Val’s Chat with artist Lowell Thompson

He has one of those brains that can do sports and music. He claims they’re very similar disciplines in terms of strategy and passion. Add to that his ruggedly handsome looks, his love of the outdoors, and a sensitive side that sees the world differently, and you’ve got yourself one singer/songwriter worth a listen. Meet Lowell Thompson, an alt-country troubador who hails from Burlington VT and will grace the stage of Grace Potter & the Nocturnals’ hometown fest, Grand Point North in just a few weeks (Sept. 13/14).

Q: Grand Point North fest does a great job every year of putting together a stellar lineup, placing big emphasis on emerging local talent. You seem to fit the bill perfectly.

LT: Yes, this is a pretty special place. My parents moved here when I was born. I grew up here. I’ve left Vermont on a few occasions, but like a magnet, I always come back…

Q: What music did you grow up on?

LT: I grew up on my parents’ music – Rolling Stones, Little Feat, things like that. I listened to it more than most new music — I guess I was born in the wrong decade [chuckle]. Then I played guitar in punk bands in high school (my friends’ older brothers would take us out to those shows), introducing us to that style of music.

Q: What next, onto college?

LT: Right after high school, I was 17, I moved out west and worked at a ski shop (I learned to ski right after I learned to walk) taking a year off before college. I had my guitar with me and spent time teaching myself and trying to emulate certain artists… But I was never that comfortable with my singing voice. Then I started getting into artists like James Brown, Townes Van Zandt, Jeff Tweedy – and wanted to be like them; their imperfect voices made it work. I started to be okay with mine.

Q: I know you played D1 Lacrosse in college. I would imagine you were pretty busy; did you still find time for music?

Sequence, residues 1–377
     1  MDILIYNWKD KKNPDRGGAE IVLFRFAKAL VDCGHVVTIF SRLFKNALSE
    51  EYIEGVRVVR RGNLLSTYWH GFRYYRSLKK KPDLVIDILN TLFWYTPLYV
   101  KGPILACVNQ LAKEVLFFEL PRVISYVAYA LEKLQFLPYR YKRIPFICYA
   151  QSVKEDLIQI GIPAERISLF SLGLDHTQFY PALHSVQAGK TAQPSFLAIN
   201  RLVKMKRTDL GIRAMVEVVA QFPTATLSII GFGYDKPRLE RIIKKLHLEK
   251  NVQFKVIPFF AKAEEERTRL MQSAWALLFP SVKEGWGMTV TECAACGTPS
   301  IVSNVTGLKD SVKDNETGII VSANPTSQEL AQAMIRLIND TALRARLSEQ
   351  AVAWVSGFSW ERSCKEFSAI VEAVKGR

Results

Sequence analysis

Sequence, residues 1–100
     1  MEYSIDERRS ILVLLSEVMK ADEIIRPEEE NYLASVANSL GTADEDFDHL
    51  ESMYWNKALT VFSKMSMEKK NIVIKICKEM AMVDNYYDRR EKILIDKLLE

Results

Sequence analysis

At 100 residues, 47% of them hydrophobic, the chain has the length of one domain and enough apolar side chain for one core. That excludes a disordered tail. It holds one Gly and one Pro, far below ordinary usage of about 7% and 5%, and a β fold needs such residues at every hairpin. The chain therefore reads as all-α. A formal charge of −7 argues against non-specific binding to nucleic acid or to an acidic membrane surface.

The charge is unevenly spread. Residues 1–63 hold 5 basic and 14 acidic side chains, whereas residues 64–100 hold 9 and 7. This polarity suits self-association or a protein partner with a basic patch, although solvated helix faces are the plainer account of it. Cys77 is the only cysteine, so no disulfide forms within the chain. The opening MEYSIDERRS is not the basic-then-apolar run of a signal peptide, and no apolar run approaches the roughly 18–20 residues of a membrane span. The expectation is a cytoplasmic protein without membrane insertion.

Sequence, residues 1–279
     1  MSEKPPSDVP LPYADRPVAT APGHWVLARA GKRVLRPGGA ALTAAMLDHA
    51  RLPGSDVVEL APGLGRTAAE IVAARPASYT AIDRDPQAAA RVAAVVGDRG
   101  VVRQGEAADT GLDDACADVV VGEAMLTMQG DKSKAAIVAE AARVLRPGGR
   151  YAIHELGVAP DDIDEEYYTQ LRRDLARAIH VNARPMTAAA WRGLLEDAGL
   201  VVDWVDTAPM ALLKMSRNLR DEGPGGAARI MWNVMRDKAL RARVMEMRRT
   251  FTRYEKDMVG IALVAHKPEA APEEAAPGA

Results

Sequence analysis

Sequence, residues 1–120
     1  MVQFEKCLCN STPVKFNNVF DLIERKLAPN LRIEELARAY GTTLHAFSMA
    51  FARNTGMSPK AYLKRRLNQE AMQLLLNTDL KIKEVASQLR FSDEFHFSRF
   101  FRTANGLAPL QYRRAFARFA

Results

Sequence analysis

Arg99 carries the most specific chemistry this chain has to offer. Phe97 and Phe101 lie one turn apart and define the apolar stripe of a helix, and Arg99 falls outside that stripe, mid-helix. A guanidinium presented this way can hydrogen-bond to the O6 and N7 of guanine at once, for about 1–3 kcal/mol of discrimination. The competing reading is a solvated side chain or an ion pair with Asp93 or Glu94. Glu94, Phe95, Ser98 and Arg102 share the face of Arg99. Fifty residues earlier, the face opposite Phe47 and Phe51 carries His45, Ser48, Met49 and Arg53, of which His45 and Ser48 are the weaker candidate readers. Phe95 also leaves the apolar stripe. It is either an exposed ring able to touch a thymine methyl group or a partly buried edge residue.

Music and sports always fit together for me; my yin and yang. I was an English major in college, and I was doing more serious songwriting by the end of school. I ended up releasing an EP, and (reluctantly) entered a few singing contests – my buddies signed me up for them – and I won. That’s when things started to gel and I thought I could do this.

Q: You say that sports and music are similar disciplines. Are their industries similar?

LT: No, quite the opposite. The music industry is pretty fickle. It’s impossible to predict who will be a star… The sports world is more black and white: if you’re good, you’re good. It’s a more objective world.

Q: You’re an introspective thinker [as most songwriters are]. How would your friends and family describe you?

LT: I guess you could say I’m sort of a humble, introverted person. Like the John Hiatt song, I’m easy “Old School”. I have all sorts of friends in all sorts of fields, all different personality types. My introspective side allows me to understand that everyone is going through something – good or bad – and my line of work allows me to connect with people more. I might seem a bit reserved at first, but I’m interested in real life and real people.

Q: How did Grace Potter discover you?

LT: We’ve been buddies for a long time. We met, gosh, a long time ago and she’s been very supportive of me. I know all the guys in her band. She sang on my last record! I play backup guitar for other bands as well, and I played GPN fest last year with her guitarist Scott Tournet, singer/songwriter Joshua Panda, etc. This is my first year on the official line-up with my own music – I’m very honored.

Q: You play with a band and you play solo. Which suits your personality more?

LT: I love both, that’s why I do it. When I’m playing with my band, I’m so into it and get off on shairng the stage and the moment with them. Playing solo is a completely different beast. I love that too. I also like playing with outside bands; let’s me get outside of my own head for a bit.

Q: If you weren’t a musician, what would you be?

LT: [chuckle] Oh, I’d be dreaming of being a musician… Well, I was an English major – I’d probably be writing somewhere.

Q: Back in the day if an artist sold a song, say to a Cadillac commercial, it would be called “selling out”. What do you think about artists doing that today?

LT: I hate to poo poo anything artists do to try and make a living. Because people aren’t buying music, getting a song on a TV ad could be an important way to supplement an artist’s income. [chuckle] Of course as I think back, if my favorite Pete Townshend would have put his song on a car ad I would NOT have been happy about it. Haha. But truthfully, song placement lets fans know about you and then they can go check out the rest of your catalogue…

Q: Where are you more at home, in the studio recording (ie: making it perfect) or on stage live (ie: changing it up a bit)?

LT: Neither for me are the most ideal situation. Some live performances feel like it is… when things are going well and you’re in the zone and the audience is engaged… that thing you’re trying to chase feels within reach. Then again, I’m never totally satisfied, and that chase keeps me going.



Read more of Val’s artist interviews

Val’s Chat with artist Anders Parker

Val’s Chat with artists Dwight and Nicole

Val’s Chat with artist Rayland Baxter

Val’s Chat with artist Caroline Rose